by Joan Brady
Category: Fiction / Mystery
376 pages; ISBN: 0743270088
Rating: 9/10 (Ratings explained)
Reviewer: Harriet Klausner
Touchstone, Apr 2005, $24.95, 376 pp.
In Springfield, Illinois, someone murders blind lawyer Hugh Freyl in his firm’s law library. The police suspect former con David Marion as the killer though motive seems elusive except for his having been convicted for killing his abusive foster-father and foster brother as a teen; Hugh got David freed from incarceration. In fact adulation would be more apropos; besides with the help of his assistant Stephanie Willis getting the inner city young man freed, he mentored David over the objections of his socially conscious upper crust family led by the apt conducting of his mother.
However, David has an iron clad alibi that proves he could not have killed his teacher though the victim’s mother harangues the police and local politicians to arrest him as her son’s killer. Knowing that the cops still will not look much beyond him, David and Stephanie begin to investigate Hugh’s brutal murder starting with some seemingly financial wrongdoings at the law firm. Suspects with motives appear all over the city, but who would turn to murder remains difficult to solve.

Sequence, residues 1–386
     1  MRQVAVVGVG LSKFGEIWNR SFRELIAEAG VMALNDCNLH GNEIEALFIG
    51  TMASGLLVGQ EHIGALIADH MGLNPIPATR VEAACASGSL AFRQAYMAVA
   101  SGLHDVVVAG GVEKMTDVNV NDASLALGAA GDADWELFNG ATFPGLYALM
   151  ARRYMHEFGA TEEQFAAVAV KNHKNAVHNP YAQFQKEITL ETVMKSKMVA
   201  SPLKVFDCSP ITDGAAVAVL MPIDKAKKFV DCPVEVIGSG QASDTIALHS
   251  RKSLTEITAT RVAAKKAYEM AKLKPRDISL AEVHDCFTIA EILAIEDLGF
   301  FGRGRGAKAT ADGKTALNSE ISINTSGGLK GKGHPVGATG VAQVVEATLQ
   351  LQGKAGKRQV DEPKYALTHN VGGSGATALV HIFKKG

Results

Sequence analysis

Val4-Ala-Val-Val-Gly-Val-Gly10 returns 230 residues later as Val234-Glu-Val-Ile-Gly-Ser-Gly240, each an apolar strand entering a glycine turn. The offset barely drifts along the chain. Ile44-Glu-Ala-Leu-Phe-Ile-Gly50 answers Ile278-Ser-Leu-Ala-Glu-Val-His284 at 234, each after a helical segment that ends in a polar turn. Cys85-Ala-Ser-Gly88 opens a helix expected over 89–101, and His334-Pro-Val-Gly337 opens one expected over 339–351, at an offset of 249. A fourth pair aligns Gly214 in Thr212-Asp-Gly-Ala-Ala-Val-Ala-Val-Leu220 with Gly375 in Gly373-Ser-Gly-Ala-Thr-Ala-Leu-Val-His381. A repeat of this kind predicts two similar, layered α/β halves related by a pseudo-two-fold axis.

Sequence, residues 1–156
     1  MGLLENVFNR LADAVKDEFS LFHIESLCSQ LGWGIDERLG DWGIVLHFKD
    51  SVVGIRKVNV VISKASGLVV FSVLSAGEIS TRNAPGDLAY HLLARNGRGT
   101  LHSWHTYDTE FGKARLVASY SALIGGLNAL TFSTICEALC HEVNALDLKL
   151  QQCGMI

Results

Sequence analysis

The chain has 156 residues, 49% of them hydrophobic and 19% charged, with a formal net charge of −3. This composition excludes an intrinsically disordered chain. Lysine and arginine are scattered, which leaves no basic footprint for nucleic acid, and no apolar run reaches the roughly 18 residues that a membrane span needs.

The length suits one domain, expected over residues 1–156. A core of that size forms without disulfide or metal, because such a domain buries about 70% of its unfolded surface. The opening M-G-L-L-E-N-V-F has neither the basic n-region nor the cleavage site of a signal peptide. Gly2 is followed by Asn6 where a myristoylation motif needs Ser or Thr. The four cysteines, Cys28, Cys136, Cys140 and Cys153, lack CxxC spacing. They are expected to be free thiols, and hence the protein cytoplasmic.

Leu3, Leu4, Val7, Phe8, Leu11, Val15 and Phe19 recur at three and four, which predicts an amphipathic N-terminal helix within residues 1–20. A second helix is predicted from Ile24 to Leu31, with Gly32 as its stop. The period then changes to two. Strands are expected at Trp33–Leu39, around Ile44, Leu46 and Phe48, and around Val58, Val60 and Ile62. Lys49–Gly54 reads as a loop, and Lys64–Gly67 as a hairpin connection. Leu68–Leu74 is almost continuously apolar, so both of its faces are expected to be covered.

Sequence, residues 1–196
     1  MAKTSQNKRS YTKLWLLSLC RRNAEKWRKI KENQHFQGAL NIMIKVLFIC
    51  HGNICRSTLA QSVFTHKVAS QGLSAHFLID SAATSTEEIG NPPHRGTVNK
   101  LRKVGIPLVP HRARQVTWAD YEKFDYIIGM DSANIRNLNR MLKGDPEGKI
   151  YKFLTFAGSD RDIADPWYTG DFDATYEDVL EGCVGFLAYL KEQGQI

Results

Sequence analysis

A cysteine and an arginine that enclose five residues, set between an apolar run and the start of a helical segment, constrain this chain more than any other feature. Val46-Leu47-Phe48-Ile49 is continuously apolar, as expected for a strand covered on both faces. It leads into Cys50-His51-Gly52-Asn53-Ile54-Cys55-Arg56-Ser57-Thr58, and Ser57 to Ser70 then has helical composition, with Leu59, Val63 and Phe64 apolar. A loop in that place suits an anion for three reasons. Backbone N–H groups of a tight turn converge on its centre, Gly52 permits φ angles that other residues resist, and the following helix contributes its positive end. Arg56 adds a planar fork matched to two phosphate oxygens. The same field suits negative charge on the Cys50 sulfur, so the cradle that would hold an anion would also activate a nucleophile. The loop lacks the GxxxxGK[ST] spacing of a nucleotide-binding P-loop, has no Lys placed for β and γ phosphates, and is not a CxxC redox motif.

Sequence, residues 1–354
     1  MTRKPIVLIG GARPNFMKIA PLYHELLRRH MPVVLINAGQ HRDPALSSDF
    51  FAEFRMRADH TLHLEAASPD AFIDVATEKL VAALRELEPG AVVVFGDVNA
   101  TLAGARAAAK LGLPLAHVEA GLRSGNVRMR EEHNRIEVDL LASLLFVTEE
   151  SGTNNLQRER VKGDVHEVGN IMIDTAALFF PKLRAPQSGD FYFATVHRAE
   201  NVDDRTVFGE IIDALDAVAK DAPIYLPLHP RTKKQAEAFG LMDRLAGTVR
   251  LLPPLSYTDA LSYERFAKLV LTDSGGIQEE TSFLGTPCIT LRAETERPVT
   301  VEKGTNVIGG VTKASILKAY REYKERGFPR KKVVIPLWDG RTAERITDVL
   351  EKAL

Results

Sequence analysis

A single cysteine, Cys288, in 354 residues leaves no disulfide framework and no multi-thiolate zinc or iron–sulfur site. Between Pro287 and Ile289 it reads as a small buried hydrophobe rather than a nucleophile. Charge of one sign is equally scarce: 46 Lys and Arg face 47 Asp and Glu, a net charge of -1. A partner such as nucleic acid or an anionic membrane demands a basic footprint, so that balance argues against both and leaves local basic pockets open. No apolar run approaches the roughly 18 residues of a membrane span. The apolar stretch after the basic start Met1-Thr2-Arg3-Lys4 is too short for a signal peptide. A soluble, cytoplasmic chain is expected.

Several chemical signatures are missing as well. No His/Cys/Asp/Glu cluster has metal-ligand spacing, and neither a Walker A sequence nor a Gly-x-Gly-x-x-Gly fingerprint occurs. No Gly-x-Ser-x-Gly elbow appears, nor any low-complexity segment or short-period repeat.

The insightful description of David’s time in prison starting at fifteen will have even compassionate conservatives screaming for reform as Joan Brady makes no pretensions on where she stands on the subject. David and Stephanie are fabulous lead protagonists; through them and the victim’s mom a complete picure though sharp differences rise of Hugh comes into focus. Though much of Springfield to include the shrilling mommy dearest, the police, and the scions of society seem one dimensional, the amateur sleuth investigation conducted by two strong characters into the life of another well drawn player provide a fabulous who-done-it with a deep message.
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